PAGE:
First rule of online teaching: Backup plan!

I’ve been working for months on a series of three webinars on how to use social media  marketing for business. Practiced them with a host of very patient friends, clients, and acquaintances. I finished tweaking the first one (again) this morning. The first class was scheduled for this afternoon. (I was going to start the series last week and had to postpone due to a bad cold. I still have a bit of a cough.)

Then the universe played a very bad cosmic joke. My content was tweaked, proofed, ready. I had even read the webinar service’s manual. I was ready to teach in half an hour. Then, my wireless router went out. No internet. I went upstairs, rebooted the router. It’ll come back on. It always does.

Not this time. My network had disappeared. Poof! Only 20 minutes to showtime and I had nothing. Nada. Bupkis. This was kind of like the bad dream where you’re in front of an audience and you realize you’re totally unprepared.

Well, I wasn’t unprepared. I was completely cut off from my audience due to the failure of a little black box. Now what?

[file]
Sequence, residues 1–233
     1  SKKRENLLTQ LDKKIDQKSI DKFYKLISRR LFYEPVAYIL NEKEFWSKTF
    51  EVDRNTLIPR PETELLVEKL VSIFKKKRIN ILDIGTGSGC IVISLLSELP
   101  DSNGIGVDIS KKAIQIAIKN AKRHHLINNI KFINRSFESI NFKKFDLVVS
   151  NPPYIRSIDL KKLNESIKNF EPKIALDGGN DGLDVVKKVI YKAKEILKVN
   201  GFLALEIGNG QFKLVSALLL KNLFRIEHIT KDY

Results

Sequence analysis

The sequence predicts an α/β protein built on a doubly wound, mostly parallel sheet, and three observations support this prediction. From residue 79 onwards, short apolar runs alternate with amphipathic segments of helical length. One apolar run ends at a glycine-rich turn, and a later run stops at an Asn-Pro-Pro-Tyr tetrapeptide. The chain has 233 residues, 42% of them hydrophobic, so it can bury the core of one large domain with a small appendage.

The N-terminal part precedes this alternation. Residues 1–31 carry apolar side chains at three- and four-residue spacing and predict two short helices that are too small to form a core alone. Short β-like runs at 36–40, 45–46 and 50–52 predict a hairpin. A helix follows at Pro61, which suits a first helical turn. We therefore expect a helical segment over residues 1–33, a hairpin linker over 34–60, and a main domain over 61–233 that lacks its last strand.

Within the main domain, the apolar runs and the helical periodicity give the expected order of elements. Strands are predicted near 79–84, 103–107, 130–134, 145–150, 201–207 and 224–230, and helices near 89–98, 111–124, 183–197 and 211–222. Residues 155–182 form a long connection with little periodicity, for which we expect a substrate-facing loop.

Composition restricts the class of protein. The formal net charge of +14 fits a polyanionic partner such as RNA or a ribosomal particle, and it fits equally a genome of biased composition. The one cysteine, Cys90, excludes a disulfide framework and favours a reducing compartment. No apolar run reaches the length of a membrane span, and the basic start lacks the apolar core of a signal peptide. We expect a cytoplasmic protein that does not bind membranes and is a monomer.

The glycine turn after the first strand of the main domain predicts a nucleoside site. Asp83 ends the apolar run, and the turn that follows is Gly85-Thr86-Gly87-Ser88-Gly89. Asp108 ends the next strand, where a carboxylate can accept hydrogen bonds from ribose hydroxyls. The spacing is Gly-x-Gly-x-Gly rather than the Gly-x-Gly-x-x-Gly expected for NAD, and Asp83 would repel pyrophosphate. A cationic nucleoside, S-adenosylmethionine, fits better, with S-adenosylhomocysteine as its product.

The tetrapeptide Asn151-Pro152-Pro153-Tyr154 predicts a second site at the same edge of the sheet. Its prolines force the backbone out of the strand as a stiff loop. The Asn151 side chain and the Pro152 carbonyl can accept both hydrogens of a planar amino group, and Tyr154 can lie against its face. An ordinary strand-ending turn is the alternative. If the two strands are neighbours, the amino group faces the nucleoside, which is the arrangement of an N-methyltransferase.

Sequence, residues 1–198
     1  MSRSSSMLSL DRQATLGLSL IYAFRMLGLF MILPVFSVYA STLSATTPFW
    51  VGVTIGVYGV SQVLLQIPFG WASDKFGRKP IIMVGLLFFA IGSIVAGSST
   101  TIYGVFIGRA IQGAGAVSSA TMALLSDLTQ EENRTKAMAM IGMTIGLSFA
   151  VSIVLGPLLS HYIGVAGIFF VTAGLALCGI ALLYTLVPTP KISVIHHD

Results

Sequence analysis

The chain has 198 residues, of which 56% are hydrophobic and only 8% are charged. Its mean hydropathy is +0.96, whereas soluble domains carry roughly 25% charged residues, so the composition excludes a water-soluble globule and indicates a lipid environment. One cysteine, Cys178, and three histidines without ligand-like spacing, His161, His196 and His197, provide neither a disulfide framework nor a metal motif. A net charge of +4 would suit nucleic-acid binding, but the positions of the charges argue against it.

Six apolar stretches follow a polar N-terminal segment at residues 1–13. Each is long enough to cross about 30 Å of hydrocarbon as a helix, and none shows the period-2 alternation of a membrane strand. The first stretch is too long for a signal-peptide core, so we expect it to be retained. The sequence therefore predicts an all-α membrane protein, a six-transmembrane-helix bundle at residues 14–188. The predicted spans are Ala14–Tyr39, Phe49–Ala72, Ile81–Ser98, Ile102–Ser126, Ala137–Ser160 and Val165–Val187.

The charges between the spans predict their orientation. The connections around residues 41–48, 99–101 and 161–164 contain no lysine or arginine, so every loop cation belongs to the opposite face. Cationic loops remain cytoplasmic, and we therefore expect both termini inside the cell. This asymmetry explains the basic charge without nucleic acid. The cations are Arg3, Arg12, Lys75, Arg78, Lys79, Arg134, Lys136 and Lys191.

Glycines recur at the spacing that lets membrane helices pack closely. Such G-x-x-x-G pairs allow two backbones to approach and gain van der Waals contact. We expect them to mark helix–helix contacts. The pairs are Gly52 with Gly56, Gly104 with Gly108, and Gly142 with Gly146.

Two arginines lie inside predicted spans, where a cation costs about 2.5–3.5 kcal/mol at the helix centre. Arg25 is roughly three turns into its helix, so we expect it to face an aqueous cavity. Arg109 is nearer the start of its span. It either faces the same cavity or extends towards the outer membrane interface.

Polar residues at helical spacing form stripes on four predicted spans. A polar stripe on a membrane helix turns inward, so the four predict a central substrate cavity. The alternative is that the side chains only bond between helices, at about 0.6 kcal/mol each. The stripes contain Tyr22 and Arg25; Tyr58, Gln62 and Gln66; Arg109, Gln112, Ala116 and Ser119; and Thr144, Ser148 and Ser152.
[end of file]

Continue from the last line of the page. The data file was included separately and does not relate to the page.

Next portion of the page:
In my panic, I remembered that I did have a live internet connection. I just couldn’t plug into it in the basement where my office is. But I could bring the computer to the modem. Two very rapid trips up the stairs with laptop, keyboard, mouse, notes and headset. Plugged in, and connected. Started to breath normally. All with 5 minutes to spare.

It did make a good opening story for the webinar. But I’d rather lead with something else next time.

Tomorrow (after I buy a new wireless router) I will add to my list of preparations for the next webinar.

Router goes out. Backup: use direct connection upstairs.

Hope I don’t need it again.